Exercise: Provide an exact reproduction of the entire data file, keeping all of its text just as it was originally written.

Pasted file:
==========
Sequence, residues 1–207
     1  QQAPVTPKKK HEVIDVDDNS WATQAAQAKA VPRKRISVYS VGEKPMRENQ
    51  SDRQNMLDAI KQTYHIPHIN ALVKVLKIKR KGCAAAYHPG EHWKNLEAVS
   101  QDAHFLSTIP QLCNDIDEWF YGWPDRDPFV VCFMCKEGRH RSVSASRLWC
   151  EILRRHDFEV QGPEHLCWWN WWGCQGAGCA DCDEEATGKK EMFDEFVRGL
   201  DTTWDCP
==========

Sequence, residues 1–207
     1  QQAPVTPKKK HEVIDVDDNS WATQAAQAKA VPRKRISVYS VGEKPMRENQ
    51  SDRQNMLDAI KQTYHIPHIN ALVKVLKIKR KGCAAAYHPG EHWKNLEAVS
   101  QDAHFLSTIP QLCNDIDEWF YGWPDRDPFV VCFMCKEGRH RSVSASRLWC
   151  EILRRHDFEV QGPEHLCWWN WWGCQGAGCA DCDEEATGKK EMFDEFVRGL
   201  DTTWDCP